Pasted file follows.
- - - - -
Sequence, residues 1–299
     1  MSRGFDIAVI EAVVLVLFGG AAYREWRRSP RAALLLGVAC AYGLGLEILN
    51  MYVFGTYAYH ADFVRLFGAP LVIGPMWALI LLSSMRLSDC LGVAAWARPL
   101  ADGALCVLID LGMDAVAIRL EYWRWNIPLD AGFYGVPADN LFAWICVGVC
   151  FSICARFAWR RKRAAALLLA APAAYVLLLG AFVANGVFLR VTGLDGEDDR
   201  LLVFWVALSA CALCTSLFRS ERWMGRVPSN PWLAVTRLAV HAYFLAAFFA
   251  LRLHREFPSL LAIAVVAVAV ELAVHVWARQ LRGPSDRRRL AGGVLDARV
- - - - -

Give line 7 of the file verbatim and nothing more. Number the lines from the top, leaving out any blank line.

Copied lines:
   251  LRLHREFPSL LAIAVVAVAV ELAVHVWARQ LRGPSDRRRL AGGVLDARV